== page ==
COVINGTON / MUHAMMED ALI / DISFELLOWSHIP (What do they have in common?)
“Hayden C. Covington, one of the most influential figures in the history of First Amendment law. Beyond the numerous First Amendment cases he argued or co-argued in the Supreme Court, he also prevailed on behalf of the Witnesses in over “100 decisions handed down by various state supreme courts, and . . . also triumphed in dozens of lower federal court rulings.” Even so, we know relatively little about Hayden Covington. One will look long and hard to find his name in any First Amendment treatise or casebook…”
Hayden Covington was a lawyer, the vice-president of the Watchtower Society, and one of the most famous Witnesses for decades. A Bethelite – resident at headquarters – from 1939 to 1963 during which time he took about 44 Witness cases to the supreme court, winning an amazing 85 percent of them.
A very imposing man, about 6'3'', quite extroverted and confident, he was impressively articulate. Covington lived in a well-kept, small brick house on Nichols Street in a lower-middle-class neighborhood in Cincinnati, Ohio. He owned hundreds of books, and at least thirty books on vocabulary building and how to use words effectively.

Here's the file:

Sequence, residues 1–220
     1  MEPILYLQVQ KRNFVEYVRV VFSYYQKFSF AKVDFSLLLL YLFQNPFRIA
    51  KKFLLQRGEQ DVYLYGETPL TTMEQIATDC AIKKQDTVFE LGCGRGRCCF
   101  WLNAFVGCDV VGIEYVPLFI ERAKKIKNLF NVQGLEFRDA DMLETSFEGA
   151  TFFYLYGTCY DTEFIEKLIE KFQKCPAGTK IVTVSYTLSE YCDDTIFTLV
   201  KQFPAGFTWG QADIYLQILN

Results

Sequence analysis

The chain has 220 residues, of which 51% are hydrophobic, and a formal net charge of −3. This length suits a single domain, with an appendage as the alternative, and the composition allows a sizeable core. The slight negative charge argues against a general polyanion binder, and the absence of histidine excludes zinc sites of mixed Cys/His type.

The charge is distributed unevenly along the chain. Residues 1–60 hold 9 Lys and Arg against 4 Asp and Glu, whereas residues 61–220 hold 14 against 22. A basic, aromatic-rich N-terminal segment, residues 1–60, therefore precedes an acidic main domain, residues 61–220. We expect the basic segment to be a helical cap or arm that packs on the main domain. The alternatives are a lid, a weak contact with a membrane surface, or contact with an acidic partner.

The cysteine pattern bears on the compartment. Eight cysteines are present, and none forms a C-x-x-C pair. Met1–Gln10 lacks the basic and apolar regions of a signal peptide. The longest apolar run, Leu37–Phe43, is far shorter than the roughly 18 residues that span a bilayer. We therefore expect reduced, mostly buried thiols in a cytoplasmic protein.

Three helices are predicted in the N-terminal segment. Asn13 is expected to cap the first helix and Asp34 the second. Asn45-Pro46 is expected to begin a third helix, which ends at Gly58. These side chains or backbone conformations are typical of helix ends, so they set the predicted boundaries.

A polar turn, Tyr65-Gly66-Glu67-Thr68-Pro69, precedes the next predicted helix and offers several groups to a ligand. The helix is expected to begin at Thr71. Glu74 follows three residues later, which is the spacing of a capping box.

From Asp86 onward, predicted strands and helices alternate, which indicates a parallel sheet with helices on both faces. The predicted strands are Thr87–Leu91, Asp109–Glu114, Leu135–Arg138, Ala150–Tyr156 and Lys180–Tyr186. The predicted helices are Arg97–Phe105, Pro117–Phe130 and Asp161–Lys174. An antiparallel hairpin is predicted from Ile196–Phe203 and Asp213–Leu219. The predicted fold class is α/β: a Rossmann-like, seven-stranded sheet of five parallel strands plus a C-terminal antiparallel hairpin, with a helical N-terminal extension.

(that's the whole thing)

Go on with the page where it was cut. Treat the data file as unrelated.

Alcohol became a problem with Covington (and was part of the reason why he left Bethel). He idolized Judge Rutherford who himself was by reputation a famous opponent of Prohibition. The two were peas in a pod as the saying goes. Twin sons of different mothers. Brothers in Battle against the World. Both men had worked their way through law school the old-fashioned way: bootstraps.
At the time of their camaraderie, a good-old-boys culture pervaded the Watchtower organization in Brooklyn. Rutherford took no prisoners when it came to denouncing his enemies whether outside or inside the organization. He and Covington were strong men, fighters who never backed down from a fight.
Martyrs / Martyrdom were a price Rutherford was willing to pay and the policies he crafted as religious dogma provoked the burning hatred of every secular authority he could find.
Covington: “I was originally in casualty insurance, defense, personal injury, and representing insurance companies in cases of damage suits; then bond forfeiture cases and bond obligation cases. Then, when I went to Bethel I was in a different area altogether. But, still, I had had enough trial experience in appellate argument and court experience that it was easy for me to shift into the position of defending Jehovah's Witnesses and it was good because I was able to do what I liked which was to defend my client. Also having got a righteous cause gives you a double barrel.”